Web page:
How do innovative journalists tell the best digital stories? How do words come together with videos and infographics to explain and analyse the war in Ukraine in a comprehensible way? How do we use maps to make the dangers of environmental toxins accessible to the reader? And how can a 3D model help us understand the advantages of Starlink?
Since The New York Times published Snow Fall and changed the way journalists understand digital storytelling, newsrooms worldwide have been creating outstanding visual stories and sometimes sensationally creative data analysis. This kind of story unfolds its full potential on screen much better than on paper. It inspires readers and has the power to lure them into a subscription and to keep them subscribed.
Unleashing a story’s full potential
But even the big newsrooms still fail to bring visual journalism into everyday editorial life. Visual stories remain beacons in a flood of text in which digital journalism still works the same way as the good old printed newspaper. Although there is no lack of stories to tell in a more meaningful way, there is usually a lack of three things:
- Digital visual journalists: This includes infographic artists, image and video journalists, and designers (UI, UX, motion).
- Software that is flexible, easy to use, and focused on the needs of visual storytelling.
- Processes that combine the visual possibilities with the content competence of a large newsroom.
At Süddeutsche Zeitung, we have strived to solve these problems. The three examples from the beginning — war in Ukraine, environmental toxins, and Starlink — were all published within one week and were only three among 50 visual stories that week.
The starting point for the SZ’s visual storytelling was the groundbreaking 2016 investigative project, Panama Papers. The team realised the standard format of articles could no longer do justice to the story’s complexity.
The team worked on manually programmed visual stories, which were time-consuming and limited the number of visual stories produced in a year. The goal was to develop a solution to help editors create outstanding visual stories with minimal effort.
Storytelling CMS to the rescue
The solution was the Storytelling CMS, a content management system designed not to manage content but to allow editors to produce visual stories daily. Today the Storytelling CMS offers predefined templates for various journalistic formats, including reports, interviews, protocols, chronologies, or essays. This allows editors to get started quickly with pre-selected modules and styles.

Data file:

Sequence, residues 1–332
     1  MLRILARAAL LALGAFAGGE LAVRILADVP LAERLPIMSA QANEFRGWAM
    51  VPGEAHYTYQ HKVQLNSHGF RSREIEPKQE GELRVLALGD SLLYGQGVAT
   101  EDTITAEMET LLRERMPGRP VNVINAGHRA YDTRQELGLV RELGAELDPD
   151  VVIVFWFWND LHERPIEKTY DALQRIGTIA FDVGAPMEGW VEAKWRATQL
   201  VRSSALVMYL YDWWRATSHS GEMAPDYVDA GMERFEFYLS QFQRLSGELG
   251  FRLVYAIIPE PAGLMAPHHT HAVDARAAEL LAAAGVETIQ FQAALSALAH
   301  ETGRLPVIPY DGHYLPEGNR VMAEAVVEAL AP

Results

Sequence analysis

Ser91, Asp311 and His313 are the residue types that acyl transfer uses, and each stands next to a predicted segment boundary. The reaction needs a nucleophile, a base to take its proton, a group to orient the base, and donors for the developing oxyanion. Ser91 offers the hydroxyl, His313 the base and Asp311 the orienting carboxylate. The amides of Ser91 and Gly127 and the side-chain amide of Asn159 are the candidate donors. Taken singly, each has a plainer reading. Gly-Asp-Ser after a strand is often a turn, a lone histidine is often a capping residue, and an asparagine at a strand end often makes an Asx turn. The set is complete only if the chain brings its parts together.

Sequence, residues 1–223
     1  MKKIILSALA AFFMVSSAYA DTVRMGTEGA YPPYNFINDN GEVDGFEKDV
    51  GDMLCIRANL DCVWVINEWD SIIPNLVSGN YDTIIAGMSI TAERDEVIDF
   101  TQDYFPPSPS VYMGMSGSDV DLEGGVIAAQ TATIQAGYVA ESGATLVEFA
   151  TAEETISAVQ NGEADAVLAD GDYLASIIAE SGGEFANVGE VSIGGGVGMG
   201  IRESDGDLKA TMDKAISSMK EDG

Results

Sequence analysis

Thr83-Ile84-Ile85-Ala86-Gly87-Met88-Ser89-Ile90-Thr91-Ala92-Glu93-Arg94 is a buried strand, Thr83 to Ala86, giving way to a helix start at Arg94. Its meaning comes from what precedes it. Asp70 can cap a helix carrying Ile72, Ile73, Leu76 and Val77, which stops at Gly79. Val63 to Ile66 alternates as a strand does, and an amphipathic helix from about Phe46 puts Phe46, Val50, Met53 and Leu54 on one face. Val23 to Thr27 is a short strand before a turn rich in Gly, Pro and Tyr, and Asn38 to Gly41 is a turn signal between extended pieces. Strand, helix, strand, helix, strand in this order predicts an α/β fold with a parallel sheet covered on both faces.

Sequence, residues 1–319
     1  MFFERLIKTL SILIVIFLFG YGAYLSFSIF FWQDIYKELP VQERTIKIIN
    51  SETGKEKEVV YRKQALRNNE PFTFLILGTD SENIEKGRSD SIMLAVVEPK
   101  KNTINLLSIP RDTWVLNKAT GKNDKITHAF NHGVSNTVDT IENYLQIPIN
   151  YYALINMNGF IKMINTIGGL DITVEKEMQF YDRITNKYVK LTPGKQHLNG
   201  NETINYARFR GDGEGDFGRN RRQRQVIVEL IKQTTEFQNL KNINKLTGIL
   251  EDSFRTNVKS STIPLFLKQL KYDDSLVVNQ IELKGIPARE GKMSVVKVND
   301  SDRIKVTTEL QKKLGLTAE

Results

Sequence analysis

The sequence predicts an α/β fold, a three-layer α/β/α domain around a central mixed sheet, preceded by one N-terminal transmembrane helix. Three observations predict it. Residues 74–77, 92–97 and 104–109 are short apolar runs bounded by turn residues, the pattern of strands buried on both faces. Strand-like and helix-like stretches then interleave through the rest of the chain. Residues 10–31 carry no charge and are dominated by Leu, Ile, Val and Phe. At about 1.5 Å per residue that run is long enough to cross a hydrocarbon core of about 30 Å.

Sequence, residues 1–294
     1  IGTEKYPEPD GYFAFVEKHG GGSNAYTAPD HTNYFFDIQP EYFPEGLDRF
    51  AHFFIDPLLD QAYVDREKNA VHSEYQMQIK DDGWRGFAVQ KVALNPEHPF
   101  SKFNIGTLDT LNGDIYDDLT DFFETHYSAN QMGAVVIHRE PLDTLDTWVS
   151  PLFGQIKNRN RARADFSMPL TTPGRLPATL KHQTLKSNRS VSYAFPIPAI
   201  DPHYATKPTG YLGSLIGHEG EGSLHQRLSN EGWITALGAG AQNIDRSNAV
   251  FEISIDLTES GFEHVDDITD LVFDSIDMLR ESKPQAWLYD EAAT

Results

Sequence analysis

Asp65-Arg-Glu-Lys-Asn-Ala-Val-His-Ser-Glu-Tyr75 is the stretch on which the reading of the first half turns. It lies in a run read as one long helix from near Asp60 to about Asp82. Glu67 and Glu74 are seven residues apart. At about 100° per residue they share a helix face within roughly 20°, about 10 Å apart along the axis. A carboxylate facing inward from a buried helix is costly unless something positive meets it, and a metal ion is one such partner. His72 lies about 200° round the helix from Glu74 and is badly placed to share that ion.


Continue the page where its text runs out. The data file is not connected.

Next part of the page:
The Storytelling CMS also offers an extensive selection of modules that provide various narrative elements offering countless design options.
- The system has built-in image cropping tools that make it possible to generate the right cropping for both mobile and desktop screens with just one click.
- Advanced users can easily include animation files (Lottie JSON) and use the CMS to adjust the speed of the scroll-based animation on each slide.
- Colours and styles can easily be changed.
- A unique feature of the system is its flexibility. Developers and designers can create custom stories if needed and go beyond the module selection and predefined design options. This also enables the use of any interactive element.
But without skilled users, the software is not much help. For many years, the so-called Entwicklungsredaktion (Innovation Lab) was the hub for visual storytelling within our newsroom.
But as Süddeutsche Zeitung’s Storytelling CMS made visual stories even easier to produce, we were ready to take the next step: The creation of the Visual Deskin 2022, a merger of all visual units (picture editing, infographics, layout, design), which made visual storytelling part of the everyday production workflow in the SZ newsroom.
More than 40 visual journalists work together with editors and reporters to create comprehensive visual stories daily.
Increasing conversion rates
With the help of our Storytelling CMS, we have been able to scale visual storytelling and published more than 1,900 storytellings in 2022. Currently, Süddeutsche Zeitung publishes five to 10 visuals per day.
The average conversion rate for visual storytellings remains significantly higher than the rate seen on standard articles.